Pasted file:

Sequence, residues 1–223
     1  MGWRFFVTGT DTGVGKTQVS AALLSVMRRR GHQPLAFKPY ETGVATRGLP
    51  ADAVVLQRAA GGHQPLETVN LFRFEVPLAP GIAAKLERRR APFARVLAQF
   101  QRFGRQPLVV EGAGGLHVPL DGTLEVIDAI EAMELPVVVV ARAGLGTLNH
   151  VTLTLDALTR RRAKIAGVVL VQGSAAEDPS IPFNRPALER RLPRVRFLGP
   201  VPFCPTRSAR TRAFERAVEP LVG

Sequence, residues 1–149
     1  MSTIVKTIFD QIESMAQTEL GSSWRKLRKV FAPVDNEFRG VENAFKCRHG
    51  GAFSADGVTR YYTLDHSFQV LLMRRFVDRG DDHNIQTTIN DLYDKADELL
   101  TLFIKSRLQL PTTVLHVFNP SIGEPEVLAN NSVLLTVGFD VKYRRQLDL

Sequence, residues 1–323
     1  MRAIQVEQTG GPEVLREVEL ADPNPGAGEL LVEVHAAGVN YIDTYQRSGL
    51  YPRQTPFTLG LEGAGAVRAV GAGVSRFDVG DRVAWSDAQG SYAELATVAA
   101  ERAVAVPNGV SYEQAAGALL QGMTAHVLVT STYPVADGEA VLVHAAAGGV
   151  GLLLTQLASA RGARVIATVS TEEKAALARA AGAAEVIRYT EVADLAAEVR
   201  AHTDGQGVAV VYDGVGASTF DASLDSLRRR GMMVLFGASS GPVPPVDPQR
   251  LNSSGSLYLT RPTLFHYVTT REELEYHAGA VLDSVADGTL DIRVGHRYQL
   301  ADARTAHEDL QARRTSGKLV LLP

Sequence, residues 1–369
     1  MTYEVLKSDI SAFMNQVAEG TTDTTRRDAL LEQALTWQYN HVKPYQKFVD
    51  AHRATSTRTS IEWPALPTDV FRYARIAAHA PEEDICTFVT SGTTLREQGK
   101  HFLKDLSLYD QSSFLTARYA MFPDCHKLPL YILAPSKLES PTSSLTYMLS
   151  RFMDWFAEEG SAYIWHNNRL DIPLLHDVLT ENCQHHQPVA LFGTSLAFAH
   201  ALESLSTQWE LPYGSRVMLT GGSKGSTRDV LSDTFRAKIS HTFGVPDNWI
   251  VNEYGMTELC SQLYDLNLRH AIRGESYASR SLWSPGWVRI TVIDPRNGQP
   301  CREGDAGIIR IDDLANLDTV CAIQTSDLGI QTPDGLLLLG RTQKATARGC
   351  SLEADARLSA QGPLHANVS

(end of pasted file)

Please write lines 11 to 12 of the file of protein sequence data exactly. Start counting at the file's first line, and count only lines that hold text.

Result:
Sequence, residues 1–323
     1  MRAIQVEQTG GPEVLREVEL ADPNPGAGEL LVEVHAAGVN YIDTYQRSGL